Archive for Brian Aldiss

The Grey Magician with a Porcelain Beard??

Posted in Uncategorized with tags , , , on May 29, 2012 by Aaron

Picked up another couple of titles over the past couple of days.  The Porcelain Magician by Frank Owen and Brian Aldiss’ Greybeard.  The acquisition of The Porcelain Magician is significant as it brings my GP collection up to the 75% mark.  Expect a Progress Report when it arrives.  Greybeard is just another Aldiss first edition to add to the library.


Close Up: The Saliva Tree and Other Strange Growths

Posted in Close Up with tags , , on April 22, 2012 by Aaron

closeup Brian W. Aldiss

This is a departure from the norm as this is the first ‘official’ Close Up I’ve done for a non GP book.  This blog contains a couple of pseudo-Close Ups of some Gene Wolfe’s books, but none conform to the regular GP template.  So, as one of my favorite short story collections, I have always wanted a first edition of The Saliva Tree.  I picked this up off eBay for a reasonable – though not bargain – price compared to others I’ve seen around the ‘net.  This copy has some special provenance which I’ll outline later.  It’s in pretty good condition, so let’s have a closer look.

The cover and, importantly the spine, are bright and exhibit no fading.  Two things to note on the cover are a sort of a graze mark that has deposited some dark substance upon the top right of the cover and a 1cm closed tear to the bottom edge.  The cover art by Charles Mozley is interesting.  Depicting a scene from the title short story (1965 Nebula Award winning novella, actually..) seems to be at odds with what was the normal SF cover art around that time, though it fits very well with that particular tale.  There is a nice little bio about Mr Mozley at the University of Reading here.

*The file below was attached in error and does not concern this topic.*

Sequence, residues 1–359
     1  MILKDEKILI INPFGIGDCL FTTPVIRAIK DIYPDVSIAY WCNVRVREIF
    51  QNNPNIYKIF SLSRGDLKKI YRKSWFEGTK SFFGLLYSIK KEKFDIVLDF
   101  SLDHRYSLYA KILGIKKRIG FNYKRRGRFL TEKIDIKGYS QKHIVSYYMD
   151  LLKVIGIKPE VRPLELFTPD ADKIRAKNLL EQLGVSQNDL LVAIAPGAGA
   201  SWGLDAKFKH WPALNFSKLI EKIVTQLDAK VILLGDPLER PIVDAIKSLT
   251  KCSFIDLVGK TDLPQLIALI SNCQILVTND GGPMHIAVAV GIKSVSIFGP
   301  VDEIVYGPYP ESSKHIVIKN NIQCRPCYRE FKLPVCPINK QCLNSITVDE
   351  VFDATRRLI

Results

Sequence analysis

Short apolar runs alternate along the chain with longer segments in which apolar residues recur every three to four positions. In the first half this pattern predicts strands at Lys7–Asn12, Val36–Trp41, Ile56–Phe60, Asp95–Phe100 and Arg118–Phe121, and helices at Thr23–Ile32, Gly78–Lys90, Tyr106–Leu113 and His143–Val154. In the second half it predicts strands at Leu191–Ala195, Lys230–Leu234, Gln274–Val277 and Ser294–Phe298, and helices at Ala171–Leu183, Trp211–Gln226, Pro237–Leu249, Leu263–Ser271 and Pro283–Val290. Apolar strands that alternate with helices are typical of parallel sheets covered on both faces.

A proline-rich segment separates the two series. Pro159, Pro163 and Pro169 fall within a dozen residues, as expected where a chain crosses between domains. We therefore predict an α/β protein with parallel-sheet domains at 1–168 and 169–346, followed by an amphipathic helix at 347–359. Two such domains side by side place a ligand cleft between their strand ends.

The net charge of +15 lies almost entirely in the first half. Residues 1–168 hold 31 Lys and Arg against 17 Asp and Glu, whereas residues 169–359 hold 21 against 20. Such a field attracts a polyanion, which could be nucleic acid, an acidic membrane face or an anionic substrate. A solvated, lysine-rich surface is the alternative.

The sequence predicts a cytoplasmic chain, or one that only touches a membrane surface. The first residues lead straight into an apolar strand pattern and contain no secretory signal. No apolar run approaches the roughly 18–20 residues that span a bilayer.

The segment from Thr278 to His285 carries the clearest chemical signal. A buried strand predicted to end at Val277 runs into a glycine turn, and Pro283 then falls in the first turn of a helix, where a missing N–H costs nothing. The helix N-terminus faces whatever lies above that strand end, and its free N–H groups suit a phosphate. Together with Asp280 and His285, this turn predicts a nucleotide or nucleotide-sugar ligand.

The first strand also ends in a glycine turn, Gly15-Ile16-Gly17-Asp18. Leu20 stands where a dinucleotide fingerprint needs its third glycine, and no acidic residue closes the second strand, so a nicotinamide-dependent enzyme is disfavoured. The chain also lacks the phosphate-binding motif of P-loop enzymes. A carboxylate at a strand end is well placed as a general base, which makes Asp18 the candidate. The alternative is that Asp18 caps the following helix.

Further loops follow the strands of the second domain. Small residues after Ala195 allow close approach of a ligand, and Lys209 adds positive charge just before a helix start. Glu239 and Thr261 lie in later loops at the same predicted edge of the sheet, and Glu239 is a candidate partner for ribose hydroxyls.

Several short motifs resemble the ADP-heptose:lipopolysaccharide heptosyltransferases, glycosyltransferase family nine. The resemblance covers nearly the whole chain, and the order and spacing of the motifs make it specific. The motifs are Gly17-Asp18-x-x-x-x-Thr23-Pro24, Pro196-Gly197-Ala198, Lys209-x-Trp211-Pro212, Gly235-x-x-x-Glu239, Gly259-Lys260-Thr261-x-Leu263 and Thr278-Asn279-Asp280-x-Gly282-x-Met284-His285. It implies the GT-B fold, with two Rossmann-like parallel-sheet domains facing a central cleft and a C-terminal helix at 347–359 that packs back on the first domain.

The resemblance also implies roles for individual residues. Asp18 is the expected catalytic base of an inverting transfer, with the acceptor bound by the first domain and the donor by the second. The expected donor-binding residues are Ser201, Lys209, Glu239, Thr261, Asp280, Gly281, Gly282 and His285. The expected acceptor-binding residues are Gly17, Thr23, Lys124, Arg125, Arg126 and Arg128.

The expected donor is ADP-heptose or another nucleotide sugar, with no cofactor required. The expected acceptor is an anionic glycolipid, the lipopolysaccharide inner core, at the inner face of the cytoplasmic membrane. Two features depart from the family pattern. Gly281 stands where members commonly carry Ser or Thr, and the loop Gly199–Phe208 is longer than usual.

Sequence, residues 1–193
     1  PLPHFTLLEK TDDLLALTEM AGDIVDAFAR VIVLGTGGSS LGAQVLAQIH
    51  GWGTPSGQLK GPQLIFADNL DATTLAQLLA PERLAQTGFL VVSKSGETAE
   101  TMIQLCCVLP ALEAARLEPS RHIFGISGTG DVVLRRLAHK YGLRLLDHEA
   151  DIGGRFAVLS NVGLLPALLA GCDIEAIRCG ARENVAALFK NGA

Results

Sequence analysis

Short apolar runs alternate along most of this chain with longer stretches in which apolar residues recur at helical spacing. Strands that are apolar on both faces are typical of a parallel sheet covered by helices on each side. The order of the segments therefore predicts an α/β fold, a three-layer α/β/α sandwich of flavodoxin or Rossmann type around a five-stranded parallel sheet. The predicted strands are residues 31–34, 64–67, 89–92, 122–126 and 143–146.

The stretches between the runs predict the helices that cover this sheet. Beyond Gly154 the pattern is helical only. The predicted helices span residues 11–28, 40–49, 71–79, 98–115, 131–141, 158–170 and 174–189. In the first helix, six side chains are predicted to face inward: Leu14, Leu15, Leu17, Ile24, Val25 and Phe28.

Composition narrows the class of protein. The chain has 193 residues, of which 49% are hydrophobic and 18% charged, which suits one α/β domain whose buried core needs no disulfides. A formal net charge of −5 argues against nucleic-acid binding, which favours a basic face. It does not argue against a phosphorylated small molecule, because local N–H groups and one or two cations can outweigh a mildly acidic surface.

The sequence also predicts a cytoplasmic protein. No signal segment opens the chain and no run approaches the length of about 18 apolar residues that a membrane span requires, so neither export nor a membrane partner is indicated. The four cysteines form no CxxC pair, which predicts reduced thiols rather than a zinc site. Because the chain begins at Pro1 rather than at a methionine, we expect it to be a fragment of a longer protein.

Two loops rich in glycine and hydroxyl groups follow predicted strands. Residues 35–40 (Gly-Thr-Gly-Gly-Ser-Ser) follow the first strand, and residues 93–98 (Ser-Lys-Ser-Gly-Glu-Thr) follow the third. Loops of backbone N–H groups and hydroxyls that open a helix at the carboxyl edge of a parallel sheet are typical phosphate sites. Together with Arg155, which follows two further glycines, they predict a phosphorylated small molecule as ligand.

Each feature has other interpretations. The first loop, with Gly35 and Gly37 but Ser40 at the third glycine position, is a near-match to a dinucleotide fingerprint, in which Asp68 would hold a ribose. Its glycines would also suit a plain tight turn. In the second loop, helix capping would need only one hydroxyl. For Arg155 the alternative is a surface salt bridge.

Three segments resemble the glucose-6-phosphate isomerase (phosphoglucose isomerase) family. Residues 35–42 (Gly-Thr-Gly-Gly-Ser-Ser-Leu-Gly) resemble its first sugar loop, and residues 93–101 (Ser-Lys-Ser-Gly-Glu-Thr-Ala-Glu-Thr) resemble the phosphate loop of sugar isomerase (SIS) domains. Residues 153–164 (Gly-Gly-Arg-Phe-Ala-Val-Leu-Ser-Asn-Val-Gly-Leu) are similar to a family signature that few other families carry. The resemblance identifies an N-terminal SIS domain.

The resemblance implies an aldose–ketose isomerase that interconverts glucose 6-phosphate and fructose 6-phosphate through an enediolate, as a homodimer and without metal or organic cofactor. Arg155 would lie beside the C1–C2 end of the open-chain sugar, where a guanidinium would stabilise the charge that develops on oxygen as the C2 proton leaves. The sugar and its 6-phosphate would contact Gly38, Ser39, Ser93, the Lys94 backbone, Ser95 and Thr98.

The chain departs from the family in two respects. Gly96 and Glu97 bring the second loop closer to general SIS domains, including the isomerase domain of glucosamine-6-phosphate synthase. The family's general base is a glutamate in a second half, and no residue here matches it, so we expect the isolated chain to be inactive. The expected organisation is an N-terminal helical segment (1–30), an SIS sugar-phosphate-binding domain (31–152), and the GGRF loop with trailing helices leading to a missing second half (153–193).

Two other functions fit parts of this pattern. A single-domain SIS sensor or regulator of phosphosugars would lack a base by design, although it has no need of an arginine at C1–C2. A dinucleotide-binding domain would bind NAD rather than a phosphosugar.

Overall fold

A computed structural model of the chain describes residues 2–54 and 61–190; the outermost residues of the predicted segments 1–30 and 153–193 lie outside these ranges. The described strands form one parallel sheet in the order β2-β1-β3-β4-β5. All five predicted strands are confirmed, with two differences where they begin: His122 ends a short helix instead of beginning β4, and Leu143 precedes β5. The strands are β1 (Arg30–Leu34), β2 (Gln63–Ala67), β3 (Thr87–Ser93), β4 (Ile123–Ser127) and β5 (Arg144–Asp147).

Nice cloth in perfect condition.

The top and bottom views reveal nothing we haven’t seen already.  It looks very nice.

There’s a little wear to the head and tail of the spine, but nothing really noteworthy or damaging.

The back of the jacket looks good except for a slight score just to the left of Best Fantasy Stories, and some staining across the blurb for Earthworks.

I mentioned some provenance earlier.  This copy was a complimentary issue, issued about three weeks prior to publication to one Ritchie Calder – then president of the H.G. Wells society.  We see in the laid in letter how The Saliva Tree ties into the association with H.G.Wells.  Also (if you’ve read it..), how the cover art relates very well to this association and the title story.

Click image for a larger view.

Year: 1966
Paid: $85
Art: Charles Mozley
Copies: ? (I’m trying to contact Faber and Faber regarding volumes..)
Binding: Currey priority ‘A’- Dark green cloth with gold lettering on spine.
Edition Notes:First published in mmcmlxvi” on copyright page
Chalker & Owings: Absent. Chalker and Owings only references independant/specialty publishers.  Faber and Faber are neither.
Currey: THE SALIVA TREE AND OTHER STRANGE GROWTHS. London: Faber and Faber, [1966]. Two bindings, priority as listed: (A) Dark green cloth, spine lettered in gold; (B) Dark green boards, spine lettered in gold. First published in mcmlxvi on copyright page.
Comments: I’m proud to have this.  It’s one of my favorite collections from one of my favorite authors.  Extra special is the provenance as I mentioned.  It’s a great collection!!  Highly recommended reading.
Expand Upon: wikipedia – see Brian Aldiss’ page, Internet Speculative Fiction Database



Posted in Uncategorized with tags , , , on April 19, 2012 by Aaron

I’ve always been a huge fan of Brian Aldiss.  The first book of his I read was Helliconia Spring when I was about… I dunno, about 12 or 13 years old or so.  I enjoyed it hugely, and went on to read the other books in the series – Helliconia Summer and Helliconia Winter.  Aspects of these books were a little too adult for me at the time, though I did appreciate them more upon a second reading several years later.  As an aside, GP book The Survivors takes place in a solar system very similar to that of Helliconia.  Or rather, the Helliconia trilogy takes place in a system that perhaps draws it’s inspiration from that in which Tom Godwin’s Ragnarok orbits.  I commented on this in the Review.  I have subsequently read many of Mr. Aldiss’ books and have enjoyed his writing immensely.  In my library are a couple of his first editions – The Malacia Tapestry from 1976 and the 1963 collection The Airs of Earth – as well as five or six various paperbacks.  The reason for this post is that last week I picked up a first edition of what is my favorite of his short story collections, The Saliva Tree and Other Strange Growths, published in 1966.  I’m excited about that, it should arrive next week.  We might get a photographic look at it sometime…